By Andrea Zhao, RPh
In this day and age, we are making tremendous technological advances. Take a look around you now. Kids are spending way more time in front of screens than ever before. There has been talk about banning cell phones in the classroom because kids are so distracted by them! We now have iPads, smartphones, and flat screen televisions, all things I never had as a kid. I mean, I did not get my first cell phone until I was in university and it was a slide-out keyboard phone! While these technological advances are great, increased screen time may account partly for the increasing prevalence of nearsightedness (myopia) in kids.1 Research suggests that kids who spend more time outdoors in natural light and less time indoors in front of screens are less likely to develop myopia.1
Genetics is another risk factor increasing your child’s risk of myopia. The risk is higher if both parents are myopic compared to just one.2
Thankfully, there has also been progress made in the medical field and recently, it has been discovered that low-dose atropine eye drops (most commonly 0.01%) given at bedtime can significantly slow the worsening of myopia to severe myopia.
More good news? We can make these eye drops at Pace pharmacy!
How do you use them to derive the most benefit for your child, while limiting side effects?
- Use the eye drops regularly starting when myopia is first diagnosed. This is very important as progression of myopia is much quicker when your child’s eye is still rapidly growing throughout puberty. It usually tends to worsen quicker between the ages of 5 and 15, stabilizing by the time puberty is over.2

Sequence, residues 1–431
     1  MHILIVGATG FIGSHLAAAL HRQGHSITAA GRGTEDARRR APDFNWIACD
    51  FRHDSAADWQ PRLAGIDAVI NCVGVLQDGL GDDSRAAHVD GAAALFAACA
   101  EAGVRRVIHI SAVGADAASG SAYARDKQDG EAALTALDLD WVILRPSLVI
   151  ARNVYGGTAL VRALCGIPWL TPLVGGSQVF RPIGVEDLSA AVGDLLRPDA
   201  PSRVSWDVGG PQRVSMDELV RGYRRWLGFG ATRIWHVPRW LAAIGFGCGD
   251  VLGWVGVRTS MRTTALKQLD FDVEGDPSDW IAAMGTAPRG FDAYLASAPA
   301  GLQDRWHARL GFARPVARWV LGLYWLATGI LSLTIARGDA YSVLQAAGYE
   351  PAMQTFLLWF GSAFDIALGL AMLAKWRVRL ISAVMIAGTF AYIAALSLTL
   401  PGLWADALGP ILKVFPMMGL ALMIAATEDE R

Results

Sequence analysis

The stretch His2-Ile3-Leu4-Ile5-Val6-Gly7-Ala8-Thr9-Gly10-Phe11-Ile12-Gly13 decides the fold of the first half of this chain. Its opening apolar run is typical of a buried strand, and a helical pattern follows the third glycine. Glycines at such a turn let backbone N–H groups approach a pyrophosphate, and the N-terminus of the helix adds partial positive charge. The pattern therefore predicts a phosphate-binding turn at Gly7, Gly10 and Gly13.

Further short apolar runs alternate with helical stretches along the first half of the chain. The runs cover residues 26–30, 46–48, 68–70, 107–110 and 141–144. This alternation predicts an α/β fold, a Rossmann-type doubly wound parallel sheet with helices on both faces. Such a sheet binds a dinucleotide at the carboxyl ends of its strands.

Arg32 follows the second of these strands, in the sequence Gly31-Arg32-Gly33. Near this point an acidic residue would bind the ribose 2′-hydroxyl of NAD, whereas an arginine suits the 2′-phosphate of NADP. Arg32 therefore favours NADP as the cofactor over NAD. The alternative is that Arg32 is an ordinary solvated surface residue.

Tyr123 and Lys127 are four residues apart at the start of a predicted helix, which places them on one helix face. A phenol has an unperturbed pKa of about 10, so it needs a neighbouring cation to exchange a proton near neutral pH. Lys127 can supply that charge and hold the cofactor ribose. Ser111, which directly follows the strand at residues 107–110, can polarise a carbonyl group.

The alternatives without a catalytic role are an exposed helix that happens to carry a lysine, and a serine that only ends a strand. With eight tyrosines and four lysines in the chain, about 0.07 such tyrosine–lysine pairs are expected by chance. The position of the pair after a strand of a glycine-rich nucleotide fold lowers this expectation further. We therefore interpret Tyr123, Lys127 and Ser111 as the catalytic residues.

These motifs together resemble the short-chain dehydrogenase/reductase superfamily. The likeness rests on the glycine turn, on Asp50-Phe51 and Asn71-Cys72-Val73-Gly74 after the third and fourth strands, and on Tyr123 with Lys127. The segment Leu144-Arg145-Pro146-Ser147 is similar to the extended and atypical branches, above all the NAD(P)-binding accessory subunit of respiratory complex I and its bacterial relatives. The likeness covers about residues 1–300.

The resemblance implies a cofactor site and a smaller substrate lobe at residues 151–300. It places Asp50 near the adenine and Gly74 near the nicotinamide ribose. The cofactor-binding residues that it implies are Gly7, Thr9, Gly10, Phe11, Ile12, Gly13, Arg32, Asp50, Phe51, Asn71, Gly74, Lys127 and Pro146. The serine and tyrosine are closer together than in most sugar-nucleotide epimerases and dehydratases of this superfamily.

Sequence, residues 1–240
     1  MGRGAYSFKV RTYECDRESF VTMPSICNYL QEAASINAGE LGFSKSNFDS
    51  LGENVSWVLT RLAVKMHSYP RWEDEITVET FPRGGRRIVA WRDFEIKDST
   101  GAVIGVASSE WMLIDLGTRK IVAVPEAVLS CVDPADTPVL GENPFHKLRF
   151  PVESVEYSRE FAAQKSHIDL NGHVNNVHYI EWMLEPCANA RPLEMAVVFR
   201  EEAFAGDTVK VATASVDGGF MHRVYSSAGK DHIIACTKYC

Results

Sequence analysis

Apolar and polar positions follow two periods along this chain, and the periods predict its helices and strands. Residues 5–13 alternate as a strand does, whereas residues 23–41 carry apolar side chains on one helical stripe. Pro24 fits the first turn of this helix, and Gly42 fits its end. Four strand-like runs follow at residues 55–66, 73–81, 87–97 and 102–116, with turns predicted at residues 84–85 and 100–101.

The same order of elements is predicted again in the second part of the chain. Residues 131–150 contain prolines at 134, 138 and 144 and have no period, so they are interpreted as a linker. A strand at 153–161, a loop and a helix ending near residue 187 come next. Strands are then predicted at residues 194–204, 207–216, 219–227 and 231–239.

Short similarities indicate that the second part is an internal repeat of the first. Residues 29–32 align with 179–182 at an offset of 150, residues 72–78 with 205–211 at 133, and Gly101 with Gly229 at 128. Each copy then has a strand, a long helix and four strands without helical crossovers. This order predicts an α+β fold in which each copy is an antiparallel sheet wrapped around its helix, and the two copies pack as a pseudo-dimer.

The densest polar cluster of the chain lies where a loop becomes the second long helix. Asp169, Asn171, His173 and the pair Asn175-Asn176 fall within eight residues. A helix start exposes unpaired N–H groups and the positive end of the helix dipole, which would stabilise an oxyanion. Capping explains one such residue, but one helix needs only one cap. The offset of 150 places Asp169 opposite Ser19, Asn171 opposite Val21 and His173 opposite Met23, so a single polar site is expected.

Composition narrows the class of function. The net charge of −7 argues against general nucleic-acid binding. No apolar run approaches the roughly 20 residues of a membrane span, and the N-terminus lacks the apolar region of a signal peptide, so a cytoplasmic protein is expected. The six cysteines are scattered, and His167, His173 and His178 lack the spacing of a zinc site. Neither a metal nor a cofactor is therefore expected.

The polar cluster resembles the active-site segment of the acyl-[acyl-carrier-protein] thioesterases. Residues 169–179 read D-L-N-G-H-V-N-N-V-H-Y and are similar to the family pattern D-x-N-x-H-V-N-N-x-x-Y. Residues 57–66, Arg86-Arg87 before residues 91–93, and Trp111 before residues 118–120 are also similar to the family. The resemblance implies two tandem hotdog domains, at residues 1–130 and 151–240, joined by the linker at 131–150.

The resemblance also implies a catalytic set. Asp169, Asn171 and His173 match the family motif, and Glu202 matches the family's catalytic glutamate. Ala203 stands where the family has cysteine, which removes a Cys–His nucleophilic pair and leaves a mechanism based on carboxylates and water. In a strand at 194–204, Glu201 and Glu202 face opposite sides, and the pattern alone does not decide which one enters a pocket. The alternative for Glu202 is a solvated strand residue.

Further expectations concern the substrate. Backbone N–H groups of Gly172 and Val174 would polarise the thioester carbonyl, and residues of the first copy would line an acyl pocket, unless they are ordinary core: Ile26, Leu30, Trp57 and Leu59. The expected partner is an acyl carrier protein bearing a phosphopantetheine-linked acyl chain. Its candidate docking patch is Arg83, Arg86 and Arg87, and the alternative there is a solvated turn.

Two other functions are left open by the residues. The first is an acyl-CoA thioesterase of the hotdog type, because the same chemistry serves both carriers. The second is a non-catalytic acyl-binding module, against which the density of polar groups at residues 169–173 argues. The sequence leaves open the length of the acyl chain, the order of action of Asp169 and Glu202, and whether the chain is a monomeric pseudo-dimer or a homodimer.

- Use the drops at bedtime (unless otherwise directed by prescriber). This helps to prevent any interruption of daily activities due to blurred vision which may be caused by the drops
- Discard after the beyond-use date written on the bottle. Ask your Pace pharmacist how long your drops are good for
- Keep the bottle IN THE FRIDGE
- Be careful not to allow the tip of the eye drop bottle to come into contact with any surface (including your child’s eye). This is to prevent contamination
- Give your Pace pharmacists a call a couple days before you need your child’s eye drops so that we can ensure it is ready for you on time. Conversely, we can also set up reminder calls in our system to call you
Frequently Asked Questions:
1. Is it necessary to use atropine eye drops for my child’s myopia?
If you notice your child’s myopia is severe enough to interfere with their education and/or daily activities, it should be treated. Pediatric myopia is treated with glasses. Your child will still require glasses as atropine eye drops do not reverse myopia. However, using atropine eye drops would be suitable for your child to help delay the progression of their myopia to much more severe myopia. This would help to decrease long-term eye complications such as retinal detachment, glaucoma, and cataracts in the future.3
2. How effective are these eye drops in slowing myopia progression in kids compared to other methods?